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SinIntegral






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Gamma, Beta, Erf > SinIntegral[z] > Introduction to the exponential integrals





General

The exponential‐type integrals have a long history. After the early developments of differential calculus, mathematicians tried to evaluate integrals containing simple elementary functions, especially integrals that often appeared during investigations of physical problems. Despite the relatively simple form of the integrands, some of these integrals could not be evaluated through known functions. Examples of integrals that could not be evaluated in known functions are:

L. Euler (1768) introduced the first integral shown in the preceding list. Later L. Mascheroni (1790, 1819) used it and introduced the second and third integrals, and A. M. Legendre (1811) introduced the last integral shown. T. Caluso (1805) used the first integral in an article and J. von Soldner (1809) introduced its notation through symbol li. F. W. Bessel (1812) used the second and third integrals. C. A. Bretschneider (1843) not only used the second and third integrals, but also introduced similar integrals for the hyperbolic functions:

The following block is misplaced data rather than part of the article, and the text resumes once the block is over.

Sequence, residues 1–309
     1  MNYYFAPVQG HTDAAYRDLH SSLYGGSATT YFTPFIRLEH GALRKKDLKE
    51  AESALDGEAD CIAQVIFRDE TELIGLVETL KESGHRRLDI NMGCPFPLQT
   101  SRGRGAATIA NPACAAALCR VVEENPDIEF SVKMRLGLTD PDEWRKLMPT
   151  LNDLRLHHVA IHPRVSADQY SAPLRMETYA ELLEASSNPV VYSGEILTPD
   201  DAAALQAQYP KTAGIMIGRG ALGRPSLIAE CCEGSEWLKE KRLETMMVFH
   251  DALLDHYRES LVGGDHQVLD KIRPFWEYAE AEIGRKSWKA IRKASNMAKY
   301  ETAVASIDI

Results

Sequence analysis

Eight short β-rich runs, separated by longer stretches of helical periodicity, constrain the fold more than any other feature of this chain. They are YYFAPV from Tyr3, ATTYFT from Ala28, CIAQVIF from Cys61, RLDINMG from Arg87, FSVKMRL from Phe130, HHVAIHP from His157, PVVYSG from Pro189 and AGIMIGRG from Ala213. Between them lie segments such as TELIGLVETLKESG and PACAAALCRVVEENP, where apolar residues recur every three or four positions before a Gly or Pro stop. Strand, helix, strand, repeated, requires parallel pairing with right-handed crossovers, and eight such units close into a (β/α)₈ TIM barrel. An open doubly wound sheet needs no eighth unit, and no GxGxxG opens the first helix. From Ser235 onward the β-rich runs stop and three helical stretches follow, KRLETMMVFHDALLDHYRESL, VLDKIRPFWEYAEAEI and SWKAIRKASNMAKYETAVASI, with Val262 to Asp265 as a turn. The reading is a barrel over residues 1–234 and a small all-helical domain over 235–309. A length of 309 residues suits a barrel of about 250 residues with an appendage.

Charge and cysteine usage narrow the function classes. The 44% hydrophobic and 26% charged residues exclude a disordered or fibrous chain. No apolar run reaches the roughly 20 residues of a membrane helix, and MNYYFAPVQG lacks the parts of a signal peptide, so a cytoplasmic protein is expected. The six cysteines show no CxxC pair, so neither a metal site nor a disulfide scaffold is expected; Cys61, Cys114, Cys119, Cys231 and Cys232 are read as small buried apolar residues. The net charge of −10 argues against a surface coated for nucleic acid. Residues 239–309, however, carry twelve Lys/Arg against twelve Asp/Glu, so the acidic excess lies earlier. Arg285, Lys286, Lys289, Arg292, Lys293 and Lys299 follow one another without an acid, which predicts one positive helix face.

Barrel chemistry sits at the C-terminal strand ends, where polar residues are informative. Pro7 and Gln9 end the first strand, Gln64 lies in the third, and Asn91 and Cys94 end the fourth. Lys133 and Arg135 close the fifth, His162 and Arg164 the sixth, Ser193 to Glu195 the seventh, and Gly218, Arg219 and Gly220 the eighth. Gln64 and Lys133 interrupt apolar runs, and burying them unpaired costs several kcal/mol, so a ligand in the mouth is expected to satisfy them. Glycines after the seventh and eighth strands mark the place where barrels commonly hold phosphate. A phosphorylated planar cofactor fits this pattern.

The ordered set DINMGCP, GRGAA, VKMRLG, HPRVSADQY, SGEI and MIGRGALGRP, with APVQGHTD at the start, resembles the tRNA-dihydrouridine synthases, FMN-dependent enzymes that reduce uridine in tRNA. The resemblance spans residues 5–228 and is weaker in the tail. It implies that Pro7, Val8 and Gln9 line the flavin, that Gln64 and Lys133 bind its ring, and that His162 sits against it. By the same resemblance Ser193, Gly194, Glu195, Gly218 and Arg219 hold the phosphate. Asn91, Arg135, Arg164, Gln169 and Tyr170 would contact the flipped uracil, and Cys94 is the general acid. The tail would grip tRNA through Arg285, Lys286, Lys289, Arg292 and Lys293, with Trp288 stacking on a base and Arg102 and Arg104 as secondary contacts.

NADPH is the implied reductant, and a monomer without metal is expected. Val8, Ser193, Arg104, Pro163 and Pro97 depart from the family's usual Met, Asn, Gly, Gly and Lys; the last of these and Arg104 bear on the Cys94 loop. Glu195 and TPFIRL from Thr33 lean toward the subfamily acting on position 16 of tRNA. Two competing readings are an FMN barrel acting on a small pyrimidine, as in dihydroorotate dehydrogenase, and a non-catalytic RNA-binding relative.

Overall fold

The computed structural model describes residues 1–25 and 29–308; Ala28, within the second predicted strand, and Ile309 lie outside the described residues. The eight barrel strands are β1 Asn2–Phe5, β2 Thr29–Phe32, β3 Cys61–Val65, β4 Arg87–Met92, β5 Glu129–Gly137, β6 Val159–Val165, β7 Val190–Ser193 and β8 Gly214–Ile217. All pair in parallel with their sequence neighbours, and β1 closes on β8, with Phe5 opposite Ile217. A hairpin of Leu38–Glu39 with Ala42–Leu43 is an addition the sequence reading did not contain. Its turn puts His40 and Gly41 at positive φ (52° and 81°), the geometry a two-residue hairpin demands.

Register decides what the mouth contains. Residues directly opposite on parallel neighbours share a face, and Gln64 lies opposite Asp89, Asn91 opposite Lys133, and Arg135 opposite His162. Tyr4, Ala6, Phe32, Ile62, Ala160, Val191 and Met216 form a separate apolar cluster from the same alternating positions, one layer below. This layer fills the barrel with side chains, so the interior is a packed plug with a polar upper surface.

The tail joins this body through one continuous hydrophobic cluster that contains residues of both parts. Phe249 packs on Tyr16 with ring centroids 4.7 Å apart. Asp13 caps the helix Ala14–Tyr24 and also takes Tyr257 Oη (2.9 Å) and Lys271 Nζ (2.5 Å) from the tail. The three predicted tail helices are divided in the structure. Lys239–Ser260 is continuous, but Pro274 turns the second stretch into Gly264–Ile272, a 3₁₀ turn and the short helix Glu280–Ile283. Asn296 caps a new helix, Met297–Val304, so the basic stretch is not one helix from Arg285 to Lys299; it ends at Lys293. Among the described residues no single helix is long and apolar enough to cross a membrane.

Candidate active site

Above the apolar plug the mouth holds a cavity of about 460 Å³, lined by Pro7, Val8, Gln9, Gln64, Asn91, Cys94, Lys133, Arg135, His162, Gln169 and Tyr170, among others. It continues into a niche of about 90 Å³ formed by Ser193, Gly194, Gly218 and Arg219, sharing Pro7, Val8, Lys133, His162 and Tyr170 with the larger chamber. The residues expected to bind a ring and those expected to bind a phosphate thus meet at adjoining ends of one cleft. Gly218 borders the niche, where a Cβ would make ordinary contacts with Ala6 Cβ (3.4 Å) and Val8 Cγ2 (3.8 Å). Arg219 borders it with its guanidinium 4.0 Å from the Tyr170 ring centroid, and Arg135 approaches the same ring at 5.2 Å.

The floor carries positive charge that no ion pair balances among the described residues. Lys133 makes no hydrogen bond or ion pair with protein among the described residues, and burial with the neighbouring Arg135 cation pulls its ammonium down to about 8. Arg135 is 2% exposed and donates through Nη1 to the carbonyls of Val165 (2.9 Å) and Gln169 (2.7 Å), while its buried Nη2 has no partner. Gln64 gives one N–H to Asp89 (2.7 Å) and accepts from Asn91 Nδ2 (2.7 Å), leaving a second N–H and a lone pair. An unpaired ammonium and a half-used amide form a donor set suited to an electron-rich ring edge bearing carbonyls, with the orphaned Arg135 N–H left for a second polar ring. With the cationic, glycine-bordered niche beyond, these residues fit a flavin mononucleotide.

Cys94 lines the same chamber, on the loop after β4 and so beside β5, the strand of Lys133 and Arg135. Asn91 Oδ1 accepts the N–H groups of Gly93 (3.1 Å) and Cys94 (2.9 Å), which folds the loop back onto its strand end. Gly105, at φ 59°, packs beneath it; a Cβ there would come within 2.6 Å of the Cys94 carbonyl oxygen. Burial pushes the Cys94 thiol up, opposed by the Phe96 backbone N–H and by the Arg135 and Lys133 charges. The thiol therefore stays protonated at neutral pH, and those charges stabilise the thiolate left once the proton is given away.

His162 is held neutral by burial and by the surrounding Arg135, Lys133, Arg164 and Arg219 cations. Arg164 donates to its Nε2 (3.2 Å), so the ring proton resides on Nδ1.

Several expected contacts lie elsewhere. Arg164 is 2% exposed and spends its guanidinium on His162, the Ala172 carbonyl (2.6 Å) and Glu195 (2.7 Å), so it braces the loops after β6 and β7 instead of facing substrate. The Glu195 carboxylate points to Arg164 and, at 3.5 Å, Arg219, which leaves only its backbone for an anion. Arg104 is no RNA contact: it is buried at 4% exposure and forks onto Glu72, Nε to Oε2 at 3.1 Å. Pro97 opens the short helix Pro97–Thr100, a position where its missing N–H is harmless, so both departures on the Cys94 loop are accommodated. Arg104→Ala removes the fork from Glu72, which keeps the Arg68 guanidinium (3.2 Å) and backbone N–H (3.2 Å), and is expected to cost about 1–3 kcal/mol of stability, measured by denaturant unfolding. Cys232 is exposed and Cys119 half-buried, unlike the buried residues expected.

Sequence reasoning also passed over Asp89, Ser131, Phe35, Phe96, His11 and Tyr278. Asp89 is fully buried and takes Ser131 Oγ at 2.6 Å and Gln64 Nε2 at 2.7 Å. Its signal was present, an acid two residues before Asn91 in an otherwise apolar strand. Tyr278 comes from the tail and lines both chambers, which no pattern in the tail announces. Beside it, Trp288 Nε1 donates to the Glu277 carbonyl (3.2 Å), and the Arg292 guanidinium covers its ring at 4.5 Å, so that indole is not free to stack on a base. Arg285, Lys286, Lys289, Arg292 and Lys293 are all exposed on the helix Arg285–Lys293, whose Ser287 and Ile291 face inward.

O. Schlömilch (1846) and F. Arndt (1847) widely used such integrals containing the exponential and trigonometric functions. For the exponential, sine, and cosine integrals, J. W. L. Glaisher (1870) introduced the notations , , and . H. Amstein (1895) introduced the branch cut for the logarithmic integral with a complex argument. N. Nielsen (1904) used the notations and for corresponding integrals.

Different notations are used for the previous definite integrals by various authors when they are integrated from to or from to .





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